Arizona has the 19th-best fiscal transparency reporting of the 50 U.S. states according to an annual analysis by the nonprofit Truth in Accounting (TIA).
The new study on state fiscal transparency concludes that 32 states earned distinction for providing the public “with candid and transparent information about their government’s fiscal health;” 46 states earned clean audit opinions in the most recent analysis.
Arizona received a grade of 84 out of 100, with each state being scored according to eight criteria: accessibility, searchability, if the states used an outside auditor, the auditor’s opinion, timeliness of the report, percentage of off-balance sheet liabilities, pension data timing, and deferred items.
“Arizona scores relatively well on Truth in Accounting's transparency analysis,” Bill Bergman, TIA’s director of research, told The Center Square. “But the state still has room for improvement. For example, it is among the slower states to deliver its audited annual financial report, and a practice of relying on dated pension valuation dates that don't align with the fiscal year tends to muddy the waters.”
The second annual analysis, Financial Transparency Score Report, focuses on the Comprehensive Annual Financial Reports on file in statehouses across the country. It compares their filings with widely accepted best practices from the private sector.
“State governments have historically struggled to provide the public with meaningful information about their financial health,” TIA founder and CEO Sheila Weinberg said in a statement. “We have seen reporting efforts hampered in the past by conflicts of interest, out of date information, and slow publication. This year’s analysis highlights several states with performance that has run counter to those negative stereotypes.”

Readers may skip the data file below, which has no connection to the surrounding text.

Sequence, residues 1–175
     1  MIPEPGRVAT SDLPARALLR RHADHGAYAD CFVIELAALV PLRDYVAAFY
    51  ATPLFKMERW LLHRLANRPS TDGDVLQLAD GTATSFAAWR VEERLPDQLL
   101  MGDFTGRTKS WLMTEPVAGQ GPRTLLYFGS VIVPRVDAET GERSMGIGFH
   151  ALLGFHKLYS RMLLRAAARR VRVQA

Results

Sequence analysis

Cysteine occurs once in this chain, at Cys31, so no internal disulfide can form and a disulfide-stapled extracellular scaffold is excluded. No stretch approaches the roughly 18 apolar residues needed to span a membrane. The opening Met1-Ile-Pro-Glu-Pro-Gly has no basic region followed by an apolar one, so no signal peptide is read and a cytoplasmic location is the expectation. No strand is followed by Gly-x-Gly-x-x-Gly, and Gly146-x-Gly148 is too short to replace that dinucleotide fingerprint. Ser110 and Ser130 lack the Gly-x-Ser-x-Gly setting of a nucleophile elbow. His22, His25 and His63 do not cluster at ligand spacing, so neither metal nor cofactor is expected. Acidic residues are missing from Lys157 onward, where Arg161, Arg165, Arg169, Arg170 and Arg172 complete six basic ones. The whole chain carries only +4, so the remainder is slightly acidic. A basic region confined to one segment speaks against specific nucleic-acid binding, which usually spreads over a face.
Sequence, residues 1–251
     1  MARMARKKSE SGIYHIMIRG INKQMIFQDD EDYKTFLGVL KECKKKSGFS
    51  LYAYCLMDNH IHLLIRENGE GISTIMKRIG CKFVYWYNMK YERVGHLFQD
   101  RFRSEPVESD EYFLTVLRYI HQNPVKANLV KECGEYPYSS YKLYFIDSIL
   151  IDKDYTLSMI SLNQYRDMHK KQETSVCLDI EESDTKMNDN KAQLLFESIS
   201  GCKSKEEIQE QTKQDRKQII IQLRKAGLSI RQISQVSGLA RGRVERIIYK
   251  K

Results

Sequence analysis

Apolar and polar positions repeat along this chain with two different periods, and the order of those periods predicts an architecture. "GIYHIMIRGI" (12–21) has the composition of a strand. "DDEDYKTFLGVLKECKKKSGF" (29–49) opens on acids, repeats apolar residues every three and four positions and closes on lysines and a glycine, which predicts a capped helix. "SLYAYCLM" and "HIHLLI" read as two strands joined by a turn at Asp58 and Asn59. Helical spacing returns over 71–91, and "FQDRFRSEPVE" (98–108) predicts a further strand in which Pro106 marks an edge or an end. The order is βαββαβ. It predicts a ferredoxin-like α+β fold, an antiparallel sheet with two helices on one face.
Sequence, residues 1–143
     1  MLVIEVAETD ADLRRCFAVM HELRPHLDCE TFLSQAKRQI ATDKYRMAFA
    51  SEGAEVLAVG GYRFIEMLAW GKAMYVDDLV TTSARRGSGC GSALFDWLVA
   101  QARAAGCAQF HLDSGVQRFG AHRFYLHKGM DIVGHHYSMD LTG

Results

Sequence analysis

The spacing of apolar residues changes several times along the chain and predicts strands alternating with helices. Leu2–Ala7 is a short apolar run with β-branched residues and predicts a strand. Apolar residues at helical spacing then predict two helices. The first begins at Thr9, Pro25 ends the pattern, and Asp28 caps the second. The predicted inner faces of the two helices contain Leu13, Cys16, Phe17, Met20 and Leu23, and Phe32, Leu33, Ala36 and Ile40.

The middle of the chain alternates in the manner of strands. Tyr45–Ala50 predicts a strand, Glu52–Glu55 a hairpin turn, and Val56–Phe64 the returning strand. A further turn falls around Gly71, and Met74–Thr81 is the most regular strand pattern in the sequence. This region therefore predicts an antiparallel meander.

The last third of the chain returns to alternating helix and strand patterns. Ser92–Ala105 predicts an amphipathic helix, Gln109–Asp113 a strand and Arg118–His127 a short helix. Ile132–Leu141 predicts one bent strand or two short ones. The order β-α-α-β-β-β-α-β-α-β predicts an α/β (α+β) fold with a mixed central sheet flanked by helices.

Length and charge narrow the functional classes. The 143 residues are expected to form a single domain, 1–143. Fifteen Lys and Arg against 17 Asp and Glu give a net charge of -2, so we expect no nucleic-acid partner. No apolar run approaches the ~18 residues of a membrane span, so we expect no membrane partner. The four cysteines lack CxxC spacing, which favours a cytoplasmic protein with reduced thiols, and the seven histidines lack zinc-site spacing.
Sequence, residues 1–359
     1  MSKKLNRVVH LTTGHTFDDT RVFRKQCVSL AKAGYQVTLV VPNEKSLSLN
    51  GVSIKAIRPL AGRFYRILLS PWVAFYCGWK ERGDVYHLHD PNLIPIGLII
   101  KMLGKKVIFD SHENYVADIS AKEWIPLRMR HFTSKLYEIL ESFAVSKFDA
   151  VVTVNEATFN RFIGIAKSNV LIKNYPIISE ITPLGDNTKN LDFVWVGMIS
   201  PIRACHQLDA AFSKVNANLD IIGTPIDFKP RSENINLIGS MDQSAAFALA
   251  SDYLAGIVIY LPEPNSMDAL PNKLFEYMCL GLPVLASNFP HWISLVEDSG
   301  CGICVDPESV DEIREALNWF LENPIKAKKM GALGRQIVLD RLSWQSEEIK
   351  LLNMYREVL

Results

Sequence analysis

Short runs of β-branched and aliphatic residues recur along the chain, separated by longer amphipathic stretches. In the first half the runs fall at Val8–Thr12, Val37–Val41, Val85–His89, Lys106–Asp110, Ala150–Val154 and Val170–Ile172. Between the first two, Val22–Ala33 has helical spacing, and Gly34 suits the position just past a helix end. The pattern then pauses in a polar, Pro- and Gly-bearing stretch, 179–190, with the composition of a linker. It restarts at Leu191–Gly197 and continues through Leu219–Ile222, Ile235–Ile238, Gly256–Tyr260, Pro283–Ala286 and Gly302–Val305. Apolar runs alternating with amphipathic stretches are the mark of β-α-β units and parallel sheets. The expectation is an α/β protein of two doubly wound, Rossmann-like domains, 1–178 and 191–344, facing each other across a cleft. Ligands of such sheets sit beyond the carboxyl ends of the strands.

In order to earn a score of 100, TIA outlines what states must accomplish. They would need to have their financial information easily accessible online, with basic search and hyperlink functionality; be audited by an independent auditor who is not an employee of the government; receive a clean opinion from an independent auditor; be published within 100 days of the government’s fiscal year ending; report all retirement liabilities on its balance sheet; contain a net pension liability measured on the same date as the CAFR; and include a net position not distorted by misleading and confusing deferred items.
TIA’s analysis of Arizona’s financial condition found that it improved by 41 percent from the previous fiscal year. Arizona and other states have become more transparent over the last few years, thanks to the Generally Accepted Accounting Principles (GAAP) set by the Governmental Accounting Standards Board (GASB), which now requires governments to disclose pension (GASB 68) and other post-employment (GASB 75) benefits on their balance sheets, the report states.